Badgers Derail Boilermakers

Unphased by Purdue's high-powered offense, Wisconsin shows they aren't to be forgotten as P.J. Hill scores two touchdowns and Wisconsin's defense keeps Purdue out of the endzone in a convincing victory

WEST LAFAYETTE, Ind.— Two powers collided at Ross-Ade Stadium Saturday, with gun slinging Purdue quarterback Curtis Painter going up against Wisconsin's stout secondary. The latter won that battle, and it was enough to keep the Badgers' tear through the Big Ten alive.

No. 21 Wisconsin (7-1, 4-1 Big Ten) came out on top 24-3 in a gritty road victory against Purdue (5-3, 2-2 Big Ten). The Boilermakers' Painter, who came into the game as the nation's third-leading passer with 2,218 yards, became just another victim of Bret Bielema's stingy UW pass defense. Painter failed to find any sort of rhythm during the game, completing 20 of 40 passes for 187 yards.

"I really thought the DBs took it as a personal challenge this week to step up," said Bielema, who praised defensive backs coach Kerry Cooks and the other defensive coaches for their planning for Purdue. "They knew they had a [great] passing offense and they were going to try and come away with some plays out there."

UW tailback P.J. Hill was a major factor again in his redshirt freshman season, staking the Badgers to the win with a pair of touchdowns.

Hill continued his bruising ways, scoring on runs of 1 and 3 yards, each capping drives of at least 80 yards. Hill finished the afternoon with 166 yards on 29 carries and now has scored 13 touchdowns on the ground in 2006.

"As a back, you have to be patient, you can't just go in there and just hit a hole," Hill said of struggling to move the ball in the early goings of the game. "I knew the big runs would just come later in the game."

"It's a P.J. Hill game," Bielema said when asked if his running back played a ‘Ron Dayne-style game' to draw comparisons to the former Badger and Heisman winner. "He's a guy that has got ability and got a lot of things that make him who he is, I think he understands and know what his strengths are as well as his weaknesses."

Purdue's defense – worst in the Big Ten in scoring and total yards allowed – held the blazingly-hot Badger offense in check, at the start. But Hill's two scores came off of two long drives led by quarterback John Stocco, who orchestrated drives of 89, 80, and 85 yards. UW's offense, which averaged 47 points and 489 yards per game in the past three contests, finished with 442 total offensive yards.

Stocco won his 26th game for Wisconsin as a starter, throwing for 201 yards on 13-of-21 passing while failing to throw a touchdown pass for the first time in 16 games.

Hill helped put away the game by springing for his longest run of the game, a 46-yarder, with six minutes remaining in the game. This set up a nine-yard touchdown run for true freshman Lance Smith, giving the Badgers the 24-3 advantage.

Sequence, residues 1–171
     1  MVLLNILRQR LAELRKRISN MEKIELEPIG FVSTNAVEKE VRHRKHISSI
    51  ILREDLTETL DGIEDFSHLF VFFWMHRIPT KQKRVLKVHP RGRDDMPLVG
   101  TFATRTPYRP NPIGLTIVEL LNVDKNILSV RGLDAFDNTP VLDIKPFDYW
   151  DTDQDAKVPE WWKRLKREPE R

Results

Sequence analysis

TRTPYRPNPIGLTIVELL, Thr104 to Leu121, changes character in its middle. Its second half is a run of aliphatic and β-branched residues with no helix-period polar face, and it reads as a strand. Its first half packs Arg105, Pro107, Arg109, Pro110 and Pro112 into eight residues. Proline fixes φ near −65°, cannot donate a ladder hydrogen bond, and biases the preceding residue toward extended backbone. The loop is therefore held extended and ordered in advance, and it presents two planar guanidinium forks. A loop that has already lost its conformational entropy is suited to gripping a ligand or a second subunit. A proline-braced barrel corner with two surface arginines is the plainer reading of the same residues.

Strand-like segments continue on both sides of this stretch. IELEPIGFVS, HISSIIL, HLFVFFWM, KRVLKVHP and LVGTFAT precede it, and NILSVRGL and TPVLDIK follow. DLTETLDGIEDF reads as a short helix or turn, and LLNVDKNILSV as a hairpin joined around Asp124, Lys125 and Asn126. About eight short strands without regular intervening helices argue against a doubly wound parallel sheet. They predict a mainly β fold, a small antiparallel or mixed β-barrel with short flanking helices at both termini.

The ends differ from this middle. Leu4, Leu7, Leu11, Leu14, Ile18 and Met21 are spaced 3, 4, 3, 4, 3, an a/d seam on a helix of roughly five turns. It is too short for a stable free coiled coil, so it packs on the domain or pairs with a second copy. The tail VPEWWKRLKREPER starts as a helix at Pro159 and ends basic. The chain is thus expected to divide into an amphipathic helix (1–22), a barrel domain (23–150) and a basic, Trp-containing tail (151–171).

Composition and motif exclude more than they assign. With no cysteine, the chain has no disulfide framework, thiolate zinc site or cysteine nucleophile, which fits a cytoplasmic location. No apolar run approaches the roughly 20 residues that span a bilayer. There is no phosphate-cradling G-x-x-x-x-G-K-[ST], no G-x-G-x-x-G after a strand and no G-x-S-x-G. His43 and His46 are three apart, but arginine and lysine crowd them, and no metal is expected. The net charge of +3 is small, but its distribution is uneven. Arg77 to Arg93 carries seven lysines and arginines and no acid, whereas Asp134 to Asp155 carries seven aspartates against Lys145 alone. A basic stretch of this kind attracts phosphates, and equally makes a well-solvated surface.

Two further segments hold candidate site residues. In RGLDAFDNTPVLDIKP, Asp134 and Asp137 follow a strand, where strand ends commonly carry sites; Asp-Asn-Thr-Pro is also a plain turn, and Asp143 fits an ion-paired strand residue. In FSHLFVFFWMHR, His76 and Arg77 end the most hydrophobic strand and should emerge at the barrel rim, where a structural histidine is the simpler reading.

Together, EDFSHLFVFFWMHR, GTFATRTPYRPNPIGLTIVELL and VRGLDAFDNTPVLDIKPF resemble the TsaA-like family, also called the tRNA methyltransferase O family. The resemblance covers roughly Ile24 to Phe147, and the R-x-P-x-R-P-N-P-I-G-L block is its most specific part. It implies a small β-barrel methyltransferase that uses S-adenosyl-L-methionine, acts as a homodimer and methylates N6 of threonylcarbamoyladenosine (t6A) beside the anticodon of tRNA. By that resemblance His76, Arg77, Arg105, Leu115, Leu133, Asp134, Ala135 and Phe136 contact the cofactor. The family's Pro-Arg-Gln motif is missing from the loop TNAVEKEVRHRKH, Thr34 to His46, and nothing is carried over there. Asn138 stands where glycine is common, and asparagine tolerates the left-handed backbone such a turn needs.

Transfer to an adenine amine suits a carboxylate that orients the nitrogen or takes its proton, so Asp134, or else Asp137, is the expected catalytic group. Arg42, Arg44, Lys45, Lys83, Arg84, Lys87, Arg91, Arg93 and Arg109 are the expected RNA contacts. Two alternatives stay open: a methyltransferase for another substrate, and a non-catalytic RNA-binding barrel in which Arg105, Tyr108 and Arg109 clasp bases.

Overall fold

Late in the third quarter, Zach Hampton's punt return troubles continued, as what appeared to be a dead punt at UW's 8-yard-line turned into a risky adventure for the Badgers. Hampton attempted to pick up the ball and run with it, but fumbled in a sea of Boilermakers, and UW's Ben Strickland recovered to save the Badgers from potentially giving up a free touchdown.

"I saw the ball was on the ground, so I just let it go because I thought they were just going to pick it up, and then I saw Zach's going to go make a play, and then I was about to go block, so the ball came out, and I just jumped on it," Strickland said. "There was a guy right there that he didn't see, so…we kind of got lucky on that."

Hampton did redeem himself early in the fourth quarter with a 22-yard return out to Wisconsin's 45-yard-line.

Also in the fourth quarter, the Badgers attempted a fake punt, and Ken DeBauche put a perfect pass on to Jonathan Casillas. But Casillas, who was wide open with 15 yards to go for the score, dropped the ball, turning it over to the Boilermakers near midfield.

"I was waiting for that play all year…we finally had a good opportunity to do it when we needed it in a game," DeBauche said. "I think it was a good pass, I thought it was right there and Jon just happened to drop it.

"I think he could have called a fair catch on it," DeBauche joked.

The Badgers held the early advantage with a 10-3 lead at the half. Each team's passing offense was sluggish early, with the first completion for positive yardage coming with 6:00 left in the first stanza.

But an 18-yard completion by Painter to Jaycen Taylor followed immediately by a 21-yard throw to Greg Orton. The two long gains set up a 47-yard field goal, a career long for Boilermakers kicker Chris Summers and the only score of the first quarter.

But the Badgers stormed back, putting together an 11-play, 89-yard drive capped by a Hill goal-line plunge into the end zone, getting Wisconsin's first lead at 7-3. Stocco went 3-for-3 with 63 yards through the air on the long drive.

Not to be outdone by Summers, Badgers kicker Taylor Mehlhaff also knocked in his career-best field goal, with a 51-yard effort at the 1:15 mark in the second quarter. Mehlhaff's lone three-pointer of the game bested his previous longest FG of 46 yards.

"I had a few attempts over last year and one this year, they said I couldn't quite sneak one in, it felt good to finally break that barrier," Mehlhaff of hitting his first field goal of over 50 yards. "I know I can make field goals back there, it's a matter of doing it in the game."

In the closing seconds of the first half, the Badgers lost a chance to give Mehlhaff another shot to add to Wisconsin's lead when Stocco fumbled the snap in an attempt to spike the ball and stop the clock. The teams went into the locker rooms at 10-3 in favor of UW before the Badgers put together a touchdown in each of the last two quarters to seal the victory.


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